Syrian Refugee Resettlement in the United States and Canada
Dr. Polet , Political Science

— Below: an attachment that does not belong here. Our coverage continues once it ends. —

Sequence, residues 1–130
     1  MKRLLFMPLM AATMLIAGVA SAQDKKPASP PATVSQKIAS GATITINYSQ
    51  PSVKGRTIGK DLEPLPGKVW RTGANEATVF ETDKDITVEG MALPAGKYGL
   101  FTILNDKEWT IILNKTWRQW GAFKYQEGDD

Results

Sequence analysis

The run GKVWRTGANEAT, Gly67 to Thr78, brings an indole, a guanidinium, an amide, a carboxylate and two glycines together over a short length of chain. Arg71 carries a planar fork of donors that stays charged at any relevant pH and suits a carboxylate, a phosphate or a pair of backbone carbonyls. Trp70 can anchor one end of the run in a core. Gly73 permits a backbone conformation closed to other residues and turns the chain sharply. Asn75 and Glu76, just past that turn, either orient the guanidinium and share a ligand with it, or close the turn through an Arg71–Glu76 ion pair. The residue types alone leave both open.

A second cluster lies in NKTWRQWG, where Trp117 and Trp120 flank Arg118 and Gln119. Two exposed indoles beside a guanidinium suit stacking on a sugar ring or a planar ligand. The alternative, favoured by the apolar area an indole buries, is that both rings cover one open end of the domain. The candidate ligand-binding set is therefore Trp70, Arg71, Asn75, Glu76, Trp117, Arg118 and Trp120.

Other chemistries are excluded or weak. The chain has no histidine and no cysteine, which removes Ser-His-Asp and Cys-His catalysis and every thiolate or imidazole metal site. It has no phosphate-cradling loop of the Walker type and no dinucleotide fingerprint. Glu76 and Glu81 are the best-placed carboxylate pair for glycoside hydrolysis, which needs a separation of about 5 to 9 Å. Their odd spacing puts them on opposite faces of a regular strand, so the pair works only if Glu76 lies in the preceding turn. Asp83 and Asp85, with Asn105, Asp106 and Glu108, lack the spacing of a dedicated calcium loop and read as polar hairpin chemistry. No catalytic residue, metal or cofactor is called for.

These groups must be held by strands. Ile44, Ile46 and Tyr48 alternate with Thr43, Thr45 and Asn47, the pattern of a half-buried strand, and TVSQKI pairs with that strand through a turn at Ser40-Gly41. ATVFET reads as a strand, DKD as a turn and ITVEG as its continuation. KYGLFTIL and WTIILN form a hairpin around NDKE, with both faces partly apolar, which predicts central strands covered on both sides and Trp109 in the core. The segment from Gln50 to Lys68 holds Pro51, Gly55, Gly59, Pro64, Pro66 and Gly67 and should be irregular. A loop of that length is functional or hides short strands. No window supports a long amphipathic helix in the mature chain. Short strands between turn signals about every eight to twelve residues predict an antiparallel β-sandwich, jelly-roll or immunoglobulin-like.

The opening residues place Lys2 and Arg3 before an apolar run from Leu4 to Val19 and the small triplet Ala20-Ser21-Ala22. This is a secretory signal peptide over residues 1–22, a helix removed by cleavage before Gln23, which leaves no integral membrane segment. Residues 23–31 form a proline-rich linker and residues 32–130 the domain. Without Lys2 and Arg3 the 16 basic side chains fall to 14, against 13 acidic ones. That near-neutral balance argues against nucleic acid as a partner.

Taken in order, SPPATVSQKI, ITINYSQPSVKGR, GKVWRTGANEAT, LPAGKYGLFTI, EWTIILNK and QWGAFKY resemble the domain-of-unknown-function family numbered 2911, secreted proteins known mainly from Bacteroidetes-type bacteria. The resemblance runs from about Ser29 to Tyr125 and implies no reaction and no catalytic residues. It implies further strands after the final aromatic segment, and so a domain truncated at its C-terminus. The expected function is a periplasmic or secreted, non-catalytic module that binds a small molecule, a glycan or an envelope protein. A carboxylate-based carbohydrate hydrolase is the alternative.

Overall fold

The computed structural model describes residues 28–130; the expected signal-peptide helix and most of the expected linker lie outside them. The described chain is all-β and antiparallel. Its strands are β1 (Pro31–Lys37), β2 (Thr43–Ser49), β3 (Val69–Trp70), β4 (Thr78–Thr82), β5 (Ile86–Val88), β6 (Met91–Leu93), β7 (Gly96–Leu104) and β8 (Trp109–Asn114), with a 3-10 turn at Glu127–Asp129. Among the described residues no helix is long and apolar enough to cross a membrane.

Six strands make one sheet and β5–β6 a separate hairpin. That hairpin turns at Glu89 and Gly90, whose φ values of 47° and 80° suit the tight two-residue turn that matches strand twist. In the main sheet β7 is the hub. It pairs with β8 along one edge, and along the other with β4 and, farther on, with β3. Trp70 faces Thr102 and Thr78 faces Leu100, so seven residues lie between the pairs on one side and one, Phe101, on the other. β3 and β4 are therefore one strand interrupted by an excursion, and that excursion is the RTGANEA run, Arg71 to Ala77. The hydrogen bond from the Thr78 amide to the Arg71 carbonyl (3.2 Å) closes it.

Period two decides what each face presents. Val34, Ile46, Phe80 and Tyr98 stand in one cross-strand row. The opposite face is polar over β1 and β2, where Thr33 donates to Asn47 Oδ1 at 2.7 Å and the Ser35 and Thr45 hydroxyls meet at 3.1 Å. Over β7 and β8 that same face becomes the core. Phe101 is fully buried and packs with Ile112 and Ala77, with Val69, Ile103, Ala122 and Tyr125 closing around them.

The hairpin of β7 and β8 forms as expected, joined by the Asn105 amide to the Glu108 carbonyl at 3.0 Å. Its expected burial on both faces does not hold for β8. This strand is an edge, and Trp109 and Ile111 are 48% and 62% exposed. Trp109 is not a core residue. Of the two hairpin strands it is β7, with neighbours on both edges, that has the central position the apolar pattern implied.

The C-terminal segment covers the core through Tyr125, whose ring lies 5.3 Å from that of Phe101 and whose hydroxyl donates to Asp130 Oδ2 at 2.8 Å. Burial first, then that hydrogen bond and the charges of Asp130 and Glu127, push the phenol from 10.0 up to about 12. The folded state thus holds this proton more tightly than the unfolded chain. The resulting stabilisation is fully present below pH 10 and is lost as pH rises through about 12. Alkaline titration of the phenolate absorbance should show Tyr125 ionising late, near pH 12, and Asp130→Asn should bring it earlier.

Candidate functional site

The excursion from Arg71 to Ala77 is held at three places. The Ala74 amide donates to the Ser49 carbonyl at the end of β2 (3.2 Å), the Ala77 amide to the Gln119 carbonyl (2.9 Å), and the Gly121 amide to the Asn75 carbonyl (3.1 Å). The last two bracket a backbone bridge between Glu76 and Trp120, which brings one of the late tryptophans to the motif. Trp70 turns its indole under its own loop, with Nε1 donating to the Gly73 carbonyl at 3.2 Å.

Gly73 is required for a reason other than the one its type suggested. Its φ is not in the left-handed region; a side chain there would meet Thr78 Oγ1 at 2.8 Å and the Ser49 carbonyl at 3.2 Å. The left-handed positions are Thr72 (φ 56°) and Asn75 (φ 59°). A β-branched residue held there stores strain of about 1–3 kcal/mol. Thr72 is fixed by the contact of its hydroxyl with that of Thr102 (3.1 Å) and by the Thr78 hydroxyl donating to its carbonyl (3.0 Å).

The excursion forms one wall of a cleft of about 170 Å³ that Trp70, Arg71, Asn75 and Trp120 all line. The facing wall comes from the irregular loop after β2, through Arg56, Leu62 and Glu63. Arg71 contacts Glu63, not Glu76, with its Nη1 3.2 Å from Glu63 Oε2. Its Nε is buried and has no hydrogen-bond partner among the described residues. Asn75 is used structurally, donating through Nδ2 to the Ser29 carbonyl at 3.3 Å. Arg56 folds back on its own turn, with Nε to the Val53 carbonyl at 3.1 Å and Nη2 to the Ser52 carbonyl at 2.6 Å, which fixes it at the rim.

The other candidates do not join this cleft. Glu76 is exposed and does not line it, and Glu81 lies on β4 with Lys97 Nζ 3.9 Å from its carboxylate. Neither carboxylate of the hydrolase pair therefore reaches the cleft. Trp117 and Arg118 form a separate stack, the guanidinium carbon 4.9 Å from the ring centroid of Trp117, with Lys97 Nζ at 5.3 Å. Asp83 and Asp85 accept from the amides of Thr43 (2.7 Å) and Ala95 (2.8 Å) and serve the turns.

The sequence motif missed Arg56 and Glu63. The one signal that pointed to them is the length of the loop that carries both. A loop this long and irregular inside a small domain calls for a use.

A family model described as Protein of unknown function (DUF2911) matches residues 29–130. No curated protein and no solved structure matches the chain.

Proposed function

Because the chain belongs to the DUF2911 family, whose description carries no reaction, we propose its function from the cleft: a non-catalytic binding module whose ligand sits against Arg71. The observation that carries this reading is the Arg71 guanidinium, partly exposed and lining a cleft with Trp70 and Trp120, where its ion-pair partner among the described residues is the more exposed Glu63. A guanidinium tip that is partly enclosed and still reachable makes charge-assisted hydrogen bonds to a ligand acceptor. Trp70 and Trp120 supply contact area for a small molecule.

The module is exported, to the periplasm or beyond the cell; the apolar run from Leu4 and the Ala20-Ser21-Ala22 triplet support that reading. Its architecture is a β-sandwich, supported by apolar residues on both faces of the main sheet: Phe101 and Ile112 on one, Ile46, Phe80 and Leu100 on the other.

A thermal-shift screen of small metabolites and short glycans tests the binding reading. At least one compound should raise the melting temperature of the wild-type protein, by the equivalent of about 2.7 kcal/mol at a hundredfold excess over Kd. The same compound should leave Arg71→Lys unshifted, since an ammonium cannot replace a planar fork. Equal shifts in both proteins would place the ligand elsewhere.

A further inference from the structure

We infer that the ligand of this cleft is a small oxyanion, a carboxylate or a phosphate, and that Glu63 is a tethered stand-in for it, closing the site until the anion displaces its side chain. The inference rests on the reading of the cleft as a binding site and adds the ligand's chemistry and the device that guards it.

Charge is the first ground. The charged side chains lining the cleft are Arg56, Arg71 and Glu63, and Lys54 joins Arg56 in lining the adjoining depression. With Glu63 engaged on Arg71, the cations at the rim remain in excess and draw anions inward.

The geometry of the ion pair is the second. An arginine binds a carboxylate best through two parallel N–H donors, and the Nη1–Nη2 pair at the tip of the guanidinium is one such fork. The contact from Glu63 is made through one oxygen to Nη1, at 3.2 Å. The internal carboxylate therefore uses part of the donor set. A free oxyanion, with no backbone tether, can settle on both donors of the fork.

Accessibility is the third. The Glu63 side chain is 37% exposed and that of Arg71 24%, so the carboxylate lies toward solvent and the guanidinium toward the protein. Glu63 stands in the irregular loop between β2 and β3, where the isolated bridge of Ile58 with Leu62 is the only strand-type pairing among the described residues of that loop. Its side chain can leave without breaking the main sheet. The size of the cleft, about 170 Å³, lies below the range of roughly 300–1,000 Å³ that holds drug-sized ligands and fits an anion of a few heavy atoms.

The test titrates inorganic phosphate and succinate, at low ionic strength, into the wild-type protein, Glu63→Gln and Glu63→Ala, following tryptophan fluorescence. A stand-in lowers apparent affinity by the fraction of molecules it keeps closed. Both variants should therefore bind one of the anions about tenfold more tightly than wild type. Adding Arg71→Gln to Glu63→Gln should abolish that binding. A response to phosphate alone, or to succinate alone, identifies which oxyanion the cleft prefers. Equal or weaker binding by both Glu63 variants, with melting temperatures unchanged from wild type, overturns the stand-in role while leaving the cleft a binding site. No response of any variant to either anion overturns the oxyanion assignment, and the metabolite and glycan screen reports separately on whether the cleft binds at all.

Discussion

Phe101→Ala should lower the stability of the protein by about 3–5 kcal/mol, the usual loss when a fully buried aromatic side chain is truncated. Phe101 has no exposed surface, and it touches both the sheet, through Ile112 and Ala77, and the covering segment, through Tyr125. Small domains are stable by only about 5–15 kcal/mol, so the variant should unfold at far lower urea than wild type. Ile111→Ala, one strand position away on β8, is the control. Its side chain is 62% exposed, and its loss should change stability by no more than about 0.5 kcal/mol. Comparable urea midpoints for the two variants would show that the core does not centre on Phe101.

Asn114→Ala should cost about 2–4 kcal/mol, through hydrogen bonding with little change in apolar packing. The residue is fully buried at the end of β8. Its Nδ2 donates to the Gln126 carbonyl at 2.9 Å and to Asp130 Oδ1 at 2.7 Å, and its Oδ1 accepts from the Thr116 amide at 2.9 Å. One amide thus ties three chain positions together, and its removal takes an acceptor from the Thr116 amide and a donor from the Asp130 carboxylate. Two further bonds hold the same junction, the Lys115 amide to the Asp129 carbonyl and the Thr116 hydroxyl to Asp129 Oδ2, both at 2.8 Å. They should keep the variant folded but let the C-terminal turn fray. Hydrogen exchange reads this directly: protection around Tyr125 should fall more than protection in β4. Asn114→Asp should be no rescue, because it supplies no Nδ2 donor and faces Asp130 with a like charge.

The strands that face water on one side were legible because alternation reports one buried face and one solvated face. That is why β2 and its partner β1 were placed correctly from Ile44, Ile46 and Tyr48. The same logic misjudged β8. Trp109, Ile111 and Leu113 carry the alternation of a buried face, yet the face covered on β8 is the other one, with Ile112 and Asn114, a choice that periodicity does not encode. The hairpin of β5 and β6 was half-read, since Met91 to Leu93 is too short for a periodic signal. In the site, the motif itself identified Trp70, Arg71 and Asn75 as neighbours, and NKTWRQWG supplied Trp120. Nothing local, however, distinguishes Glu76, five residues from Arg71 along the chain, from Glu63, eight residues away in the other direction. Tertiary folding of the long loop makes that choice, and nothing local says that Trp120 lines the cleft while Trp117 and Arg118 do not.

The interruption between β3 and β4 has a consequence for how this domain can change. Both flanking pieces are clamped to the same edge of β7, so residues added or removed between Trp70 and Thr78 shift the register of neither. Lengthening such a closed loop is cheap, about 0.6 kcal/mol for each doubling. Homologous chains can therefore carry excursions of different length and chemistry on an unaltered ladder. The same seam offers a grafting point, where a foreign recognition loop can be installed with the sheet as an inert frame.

The purpose of this paper is to examine the different factors that have led to Canada accepting more Syrian refugees than the United States. The conflict that began in Syria in 2011 has increasingly drawn international attention due to the escalating violence within the country. The conflict in Syria started as a branch of the Arab Spring uprising and escalated into an armed conflict after the government violently repressed protests for democracy. This armed conflict has caused a humanitarian crisis because Syrians have been forced to flee their homes due to persecution. The crisis in Syria has had an impact on the global scale because of security and humanitarian threats to the international arena. Specifically, Canada and the United States have been affected and in result have had to create policy to address the needs of the refugees fleeing from Syria. Both of the countries are similar in many ways but have different histories of immigration that have impacted their approach to the current problem with Syrian refugees. Prime minister Justin Trudeau of Canada originally promised to bring in 25,000 Syrian refugees by January 1st, 2016. However, Canada did not achieve this goal and the deadline was moved back to March 1st, 2016. Overall, from November 4th, 2015 to January 29th, 2017 there have been 40,081 Syrian refugees admitted into Canada. On the other hand, President Obama and the United States government set a goal to admit 10,000 Syrian refugees for fiscal year 2016. From October 1st, 2010 to August 31st, 2016 the United States accepted a total of 12,623 Syrian refugees. This data shows that there is a higher percentage of Syrian refugees living in Canada than in the United States. Therefore, this comparative study aims to explain the key factors that have caused Canada to approach the Syrian refugee crisis in a more hospitable way than the United States. It will take into account the impact of the public opinion and the history of immigration and security on the admittance of Syrian refugees. Ultimately, this will provide an explanation of the facilitators and barriers for countries to intervene and to what extent when there is a humanitarian threat.
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